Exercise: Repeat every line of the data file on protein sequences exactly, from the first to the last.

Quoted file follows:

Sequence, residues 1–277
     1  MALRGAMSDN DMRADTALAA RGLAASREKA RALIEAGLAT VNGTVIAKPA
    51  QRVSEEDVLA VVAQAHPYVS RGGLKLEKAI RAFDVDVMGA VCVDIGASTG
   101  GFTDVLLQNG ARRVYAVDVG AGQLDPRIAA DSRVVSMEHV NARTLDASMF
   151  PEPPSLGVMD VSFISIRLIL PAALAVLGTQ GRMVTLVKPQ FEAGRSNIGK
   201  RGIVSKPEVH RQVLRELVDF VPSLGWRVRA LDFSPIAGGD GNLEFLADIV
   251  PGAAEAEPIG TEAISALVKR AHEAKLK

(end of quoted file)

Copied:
Sequence, residues 1–277
     1  MALRGAMSDN DMRADTALAA RGLAASREKA RALIEAGLAT VNGTVIAKPA
    51  QRVSEEDVLA VVAQAHPYVS RGGLKLEKAI RAFDVDVMGA VCVDIGASTG
   101  GFTDVLLQNG ARRVYAVDVG AGQLDPRIAA DSRVVSMEHV NARTLDASMF
   151  PEPPSLGVMD VSFISIRLIL PAALAVLGTQ GRMVTLVKPQ FEAGRSNIGK
   201  RGIVSKPEVH RQVLRELVDF VPSLGWRVRA LDFSPIAGGD GNLEFLADIV
   251  PGAAEAEPIG TEAISALVKR AHEAKLK